With hindsight, Arcade Fire having long-ago begetten a legion of po-faced men in pork-pie hats, the blockbuster victories of mid-00s indie-rock seem unfortunate. For grown 90s teens, the idea of once-modest college rock winning Grammys and topping shrunken Billboard sales charts was briefly validating. But any series of events that leads to songs by The Lumineers or Edward Sharpe being played at the gym requires a touch of regretful reflection. Of peak indie’s best-known artists, Sufjan Stevens, especially lost something in scaling up. His claim to be working on 50 separate albums tailored to the details of each of our united states was a goof taken too seriously by the press, but also a definitive example of personal music strangled by sort of arbitrary ambition. Though the songs from that period were often beautiful, there’s something off-putting in revisiting them now, a certain unintended smugness in the superhuman size of the task Stevens took on. His strengths as a songwriter are intimacy and empathy. Throwing himself into speculative historical fiction undercut them, suggesting that a stroll through a municipal record or Wikipedia page could provide all the inspiration he’d ever need. Leading orchestras in neon wings and crowding the stage with players, his delicacy was trampled underfoot.
Carrie & Lowell, his seventh record, is a necessary correction and a practical reintroduction. Its songs are centered around the semi-recent death of Stevens’s oft-absent mother. Though references to these events can be picked out of his “states” records, this one removes the need for speculation. He names this record for his mom and step-dad, and uses their pictures as its album cover. The lyrical references to death and dying are near-constant, to the point that they threaten to overwhelm with morbidity. But it’s not some fashionably goth record, trading in skulls to gain a shade of dark glamor; the simple acknowledgement of eventual death and the grief it leaves behind is used primarily to establish human unity. Limiting the comparison to alt-folk music, Stevens whispering “we’re all gonna die” is somehow a million times warmer than Bonnie “Prince” Billy croaking the almost identical sentiment: “Death to everyone, is gonna come.” It’s not spooky, but it is spooked.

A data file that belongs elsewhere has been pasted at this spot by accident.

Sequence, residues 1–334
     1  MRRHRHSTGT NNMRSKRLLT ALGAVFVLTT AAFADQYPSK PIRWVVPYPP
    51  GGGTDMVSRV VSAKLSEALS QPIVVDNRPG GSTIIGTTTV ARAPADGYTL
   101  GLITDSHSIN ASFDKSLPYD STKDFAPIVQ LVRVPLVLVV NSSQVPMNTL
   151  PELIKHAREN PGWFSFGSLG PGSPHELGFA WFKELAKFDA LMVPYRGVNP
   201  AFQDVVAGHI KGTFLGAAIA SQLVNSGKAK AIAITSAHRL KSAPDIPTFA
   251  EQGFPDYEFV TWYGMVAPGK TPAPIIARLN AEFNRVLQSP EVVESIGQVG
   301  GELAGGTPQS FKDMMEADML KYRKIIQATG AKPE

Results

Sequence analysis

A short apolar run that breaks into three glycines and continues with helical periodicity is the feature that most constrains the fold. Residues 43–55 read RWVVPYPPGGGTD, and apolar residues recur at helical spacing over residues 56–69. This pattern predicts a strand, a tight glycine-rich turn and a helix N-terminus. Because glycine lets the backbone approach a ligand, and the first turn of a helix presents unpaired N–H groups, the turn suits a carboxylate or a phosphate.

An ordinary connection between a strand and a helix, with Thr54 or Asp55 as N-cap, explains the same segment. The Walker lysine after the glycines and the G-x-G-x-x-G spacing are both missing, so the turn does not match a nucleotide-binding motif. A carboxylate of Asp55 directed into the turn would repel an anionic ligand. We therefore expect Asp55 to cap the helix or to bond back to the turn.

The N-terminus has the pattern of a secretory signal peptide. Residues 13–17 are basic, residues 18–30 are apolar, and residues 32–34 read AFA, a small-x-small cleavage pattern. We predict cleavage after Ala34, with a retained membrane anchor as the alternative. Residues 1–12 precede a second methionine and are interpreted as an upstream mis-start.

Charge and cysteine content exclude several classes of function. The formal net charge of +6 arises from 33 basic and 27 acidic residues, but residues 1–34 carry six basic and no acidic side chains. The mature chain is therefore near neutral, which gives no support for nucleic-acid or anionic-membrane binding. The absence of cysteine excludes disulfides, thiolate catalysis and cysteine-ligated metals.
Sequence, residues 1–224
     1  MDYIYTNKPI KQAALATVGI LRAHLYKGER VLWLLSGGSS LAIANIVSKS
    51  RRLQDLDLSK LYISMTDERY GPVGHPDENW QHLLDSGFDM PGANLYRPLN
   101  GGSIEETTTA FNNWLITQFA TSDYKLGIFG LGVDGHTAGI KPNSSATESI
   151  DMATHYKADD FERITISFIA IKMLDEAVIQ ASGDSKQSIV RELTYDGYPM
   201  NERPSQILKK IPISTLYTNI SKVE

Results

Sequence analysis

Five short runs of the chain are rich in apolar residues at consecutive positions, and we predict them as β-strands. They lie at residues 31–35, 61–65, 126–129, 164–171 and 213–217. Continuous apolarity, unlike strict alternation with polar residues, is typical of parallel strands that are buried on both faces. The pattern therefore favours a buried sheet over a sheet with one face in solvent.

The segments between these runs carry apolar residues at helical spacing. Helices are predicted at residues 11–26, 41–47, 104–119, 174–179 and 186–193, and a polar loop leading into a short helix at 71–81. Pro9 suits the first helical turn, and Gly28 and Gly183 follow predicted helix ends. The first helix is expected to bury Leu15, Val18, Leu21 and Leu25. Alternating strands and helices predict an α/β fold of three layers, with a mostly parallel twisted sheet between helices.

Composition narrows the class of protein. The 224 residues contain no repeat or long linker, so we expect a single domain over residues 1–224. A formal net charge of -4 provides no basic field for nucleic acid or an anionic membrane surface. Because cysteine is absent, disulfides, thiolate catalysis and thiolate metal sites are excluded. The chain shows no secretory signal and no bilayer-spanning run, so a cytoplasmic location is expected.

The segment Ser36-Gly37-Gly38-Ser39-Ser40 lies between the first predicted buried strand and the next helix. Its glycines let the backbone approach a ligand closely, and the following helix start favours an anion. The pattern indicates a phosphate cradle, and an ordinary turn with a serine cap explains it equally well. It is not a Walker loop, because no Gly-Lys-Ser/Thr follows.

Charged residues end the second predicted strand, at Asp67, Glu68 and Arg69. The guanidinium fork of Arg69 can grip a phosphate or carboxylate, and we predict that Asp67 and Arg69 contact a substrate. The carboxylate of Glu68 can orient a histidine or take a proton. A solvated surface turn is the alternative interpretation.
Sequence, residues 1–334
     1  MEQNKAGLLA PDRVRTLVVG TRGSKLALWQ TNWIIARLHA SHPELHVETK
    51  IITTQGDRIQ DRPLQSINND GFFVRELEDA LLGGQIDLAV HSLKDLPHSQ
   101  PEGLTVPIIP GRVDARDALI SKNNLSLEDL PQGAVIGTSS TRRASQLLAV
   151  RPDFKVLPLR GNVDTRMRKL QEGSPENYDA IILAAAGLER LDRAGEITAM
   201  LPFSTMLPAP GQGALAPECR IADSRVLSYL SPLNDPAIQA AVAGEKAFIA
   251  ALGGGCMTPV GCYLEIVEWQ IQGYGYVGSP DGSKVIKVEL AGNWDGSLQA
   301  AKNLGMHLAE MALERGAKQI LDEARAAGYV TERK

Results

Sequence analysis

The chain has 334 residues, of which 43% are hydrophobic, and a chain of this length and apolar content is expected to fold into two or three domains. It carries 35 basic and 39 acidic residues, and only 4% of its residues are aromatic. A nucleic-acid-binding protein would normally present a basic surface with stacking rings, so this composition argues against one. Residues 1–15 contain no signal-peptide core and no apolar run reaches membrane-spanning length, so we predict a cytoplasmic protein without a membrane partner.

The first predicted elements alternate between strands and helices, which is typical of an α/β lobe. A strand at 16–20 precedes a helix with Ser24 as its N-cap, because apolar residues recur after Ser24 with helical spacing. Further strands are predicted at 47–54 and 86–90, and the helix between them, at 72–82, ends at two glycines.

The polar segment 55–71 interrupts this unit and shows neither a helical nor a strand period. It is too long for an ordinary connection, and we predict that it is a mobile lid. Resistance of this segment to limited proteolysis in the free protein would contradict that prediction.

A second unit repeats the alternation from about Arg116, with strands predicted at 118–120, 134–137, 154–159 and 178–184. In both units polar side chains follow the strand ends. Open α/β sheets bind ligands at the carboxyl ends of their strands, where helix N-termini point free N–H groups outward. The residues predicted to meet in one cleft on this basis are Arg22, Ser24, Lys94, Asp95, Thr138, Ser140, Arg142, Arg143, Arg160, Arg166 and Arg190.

On an album haunted with specific references to the Oregon-spent summers of Stevens’ youth, a couple acts from overlapping eras of Oregon’s recent rock history are weirdly illustrative. His states songs sometimes flirted with the worst instincts of Colin Meloy’s Decemberists—over orchestrated, too dependent on whimsical concepts, and an exhausting abundance of narrative detail. Carrie & Lowell, with its spare sound and its heart so badly broken, goes back (and trades up) to Elliott Smith. Its instrumental palette is limited to softly insistent strumming, some gentle keys, and Stevens himself. Instead of building to busy chamber pop catharses, those simple elements repeatedly drop away, leaving ambient pools of quiet contemplation. There were collaborators involved in making the record, but they are nearly invisible in effect. Sufjan’s still a big deal, selling out over 3500 seats at the newly renovated King’s Theater in Flatbush for an upcoming show. But entrenched at that rare position, modesty suits him best.